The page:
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publications
March 18, 2020

The Sentencing Project Releases its 2019 Annual Report

Learn more about how our research and analysis in 2019 played a major role in shaping campaign priorities around criminal justice reform and highlighting the impact of excessive sentencing.
news
State Advocacy Newsletter: Unlocking the Vote 2020
March 06, 2020

State Advocacy Newsletter: Unlocking the Vote 2020

The 2020 election season offers an opportunity to increase public awareness about felony disenfranchisement laws to expand voter eligibility. During the era of mass incarceration the overall disenfranchisement rate increased substantially. In recent years, substantial reforms have expanded the vote to millions of individuals.
Featured Story
Featured Story

Theresa McIntyre Smith

In 1999, Theresa Smith was arrested at an airport after she met a drug courier in Roy Mercer’s network and according to the government, identified a suitcase containing eleven kilograms of cocaine for the courier. Smith said she had been told by Mercer that the suitcase contained his nieces’ clothes. For this first-time non-violent offense, Smith was sentenced to a ten-year mandatory prison term.
publications
January 28, 2020

Letter to House Judiciary Committee on Classwide Scheduling of Fentanyl Analogues

The Sentencing Project wrote to the House Judiciary Committee in opposition of S. 3201, the Temporary Reauthorization and Study of the Emergency Scheduling of Fentanyl Analogues Act and urged committee members to exclude the application of mandatory minimum sentences for cases prosecuted under this authority.
news
Washington Post: William Barr’s new war on drugs
January 26, 2020

Washington Post: William Barr’s new war on drugs

Former U.S. District Judge Nancy Gertner discusses Attorney General William P. Barr’s support for an expansion of mandatory minimum sentences for federal drug crimes involving fentanyl analogues.
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Featured Story

Kemba Smith

At 24 years old, Kemba Smith was sentenced to 24.5 years in prison for conspiracy to participate in her boyfriend's drug activities, a non-violent, first-time offense. For years, her parents galvanized a tireless movement seeking clemency for their daughter.
publications
January 17, 2020

Top Trends in State Criminal Justice Reform, 2019

In recent years most states have enacted reforms designed to reduce the scale of incarceration and the impact of the collateral consequences of a felony conviction. This briefing paper describes key reforms that were prioritized in 2019.
publications
December 17, 2019

One Year After the First Step Act: Mixed Outcomes

In commemoration of the sentencing reform law’s passage one year ago this week, The Sentencing Project has published an analysis of the law’s successes, challenges and the reform left undone.
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Featured Story

Willie Mays Aikens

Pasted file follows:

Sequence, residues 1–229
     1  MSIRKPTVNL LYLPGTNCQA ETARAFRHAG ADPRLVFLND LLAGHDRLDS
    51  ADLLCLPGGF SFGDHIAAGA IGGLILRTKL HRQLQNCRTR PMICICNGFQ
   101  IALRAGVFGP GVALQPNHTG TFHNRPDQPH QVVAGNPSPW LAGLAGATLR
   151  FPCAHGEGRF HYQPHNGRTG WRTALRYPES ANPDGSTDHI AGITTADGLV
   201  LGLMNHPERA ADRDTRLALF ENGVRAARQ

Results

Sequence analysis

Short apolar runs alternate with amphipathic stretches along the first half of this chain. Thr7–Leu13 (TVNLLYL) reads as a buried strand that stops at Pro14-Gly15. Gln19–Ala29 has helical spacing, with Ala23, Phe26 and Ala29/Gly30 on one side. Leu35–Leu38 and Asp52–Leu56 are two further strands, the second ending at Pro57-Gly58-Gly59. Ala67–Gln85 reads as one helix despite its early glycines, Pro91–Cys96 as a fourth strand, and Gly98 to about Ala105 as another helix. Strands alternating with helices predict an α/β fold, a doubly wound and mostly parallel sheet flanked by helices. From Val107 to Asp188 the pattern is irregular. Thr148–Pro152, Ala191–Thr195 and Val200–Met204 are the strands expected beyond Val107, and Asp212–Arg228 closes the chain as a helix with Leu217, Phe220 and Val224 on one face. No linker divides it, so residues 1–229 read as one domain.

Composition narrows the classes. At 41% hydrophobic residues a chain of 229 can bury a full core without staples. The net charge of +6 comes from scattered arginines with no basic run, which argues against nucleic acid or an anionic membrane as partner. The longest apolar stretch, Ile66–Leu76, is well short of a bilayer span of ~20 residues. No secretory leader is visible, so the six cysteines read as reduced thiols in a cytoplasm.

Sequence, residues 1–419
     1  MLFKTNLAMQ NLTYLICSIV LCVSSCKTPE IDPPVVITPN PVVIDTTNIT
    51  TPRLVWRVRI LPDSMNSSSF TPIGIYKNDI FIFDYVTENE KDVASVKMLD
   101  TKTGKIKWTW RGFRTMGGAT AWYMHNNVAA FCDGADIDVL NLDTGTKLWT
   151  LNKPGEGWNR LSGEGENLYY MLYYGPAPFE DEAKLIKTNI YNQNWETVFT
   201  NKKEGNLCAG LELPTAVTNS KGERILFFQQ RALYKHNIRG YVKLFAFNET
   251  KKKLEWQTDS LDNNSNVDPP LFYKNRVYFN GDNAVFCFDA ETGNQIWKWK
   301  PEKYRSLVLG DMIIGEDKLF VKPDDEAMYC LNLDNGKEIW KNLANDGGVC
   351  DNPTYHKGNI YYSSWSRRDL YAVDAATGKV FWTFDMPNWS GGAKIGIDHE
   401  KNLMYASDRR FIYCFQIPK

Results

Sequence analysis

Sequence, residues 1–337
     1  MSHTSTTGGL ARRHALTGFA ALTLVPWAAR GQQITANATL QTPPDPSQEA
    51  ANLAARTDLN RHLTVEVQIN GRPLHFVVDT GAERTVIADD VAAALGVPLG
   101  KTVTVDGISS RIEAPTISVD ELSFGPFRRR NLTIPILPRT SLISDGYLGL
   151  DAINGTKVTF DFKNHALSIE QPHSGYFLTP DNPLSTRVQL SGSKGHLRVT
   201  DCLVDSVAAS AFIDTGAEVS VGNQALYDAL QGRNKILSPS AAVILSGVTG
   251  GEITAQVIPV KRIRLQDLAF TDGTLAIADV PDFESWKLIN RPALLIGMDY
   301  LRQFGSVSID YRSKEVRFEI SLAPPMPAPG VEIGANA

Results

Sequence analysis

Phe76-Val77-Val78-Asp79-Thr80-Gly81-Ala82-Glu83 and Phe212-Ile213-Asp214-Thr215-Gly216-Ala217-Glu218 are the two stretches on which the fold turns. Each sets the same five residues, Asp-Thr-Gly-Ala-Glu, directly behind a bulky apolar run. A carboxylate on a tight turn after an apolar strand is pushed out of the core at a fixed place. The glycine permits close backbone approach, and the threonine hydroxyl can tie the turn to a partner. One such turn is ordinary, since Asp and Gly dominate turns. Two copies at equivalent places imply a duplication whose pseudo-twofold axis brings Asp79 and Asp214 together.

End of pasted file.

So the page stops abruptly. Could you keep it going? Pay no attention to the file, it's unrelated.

In 2008, Willie Mays Aikens made headlines when a federal judge reduced his lengthy prison term to 14 years as a result of the U.S. Sentencing Commission’s adjustment to the crack cocaine sentencing guidelines. Aikens was released in June 2008.
news
State Advocacy News: Direct Services to End Life Imprisonment
November 26, 2019

State Advocacy News: Direct Services to End Life Imprisonment

Community organizations working to challenge life imprisonment are anchoring campaigns to address mass incarceration.
publications
November 25, 2019

The Sentencing Project’s 2019 Annual Newsletter

This past year we have seen a growing movement to include people convicted of serious offenses in criminal justice reform efforts.
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Featured Story

Christopher Poulos

When Chris Poulos was arrested, he experienced firsthand the difference that money can make in the criminal justice system. He recounts the experience in his own words.
publications
September 30, 2019

Racial Impact Statements

Racial impact statements are a tool for lawmakers to evaluate potential disparities of proposed legislation prior to adoption and implementation. Analogous to fiscal impact statements, they assist legislators in detecting unforeseen policy ramifications.
news
Race & Justice News: Racial Impact of Florida’s Criminal Laws
September 27, 2019

Race & Justice News: Racial Impact of Florida’s Criminal Laws

State supreme courts less reflective of nation’s diversity, Florida lawmakers partner with researchers to assess racial impact of legislation, increase in Virginia's marijuana arrests sparks calls for change, and more in Race & Justice News.
Featured Story
Featured Story

Lawrence and Lamont Garrison

Sentences for federal drug crimes are based on the quantity of the drugs involved, not the individual’s role in the crime. The emphasis on quantity rather than the role of the offender, along with the conspiracy laws, too often result in disproportionate sentencing, even for first-time offenses such as the Garrisons’.
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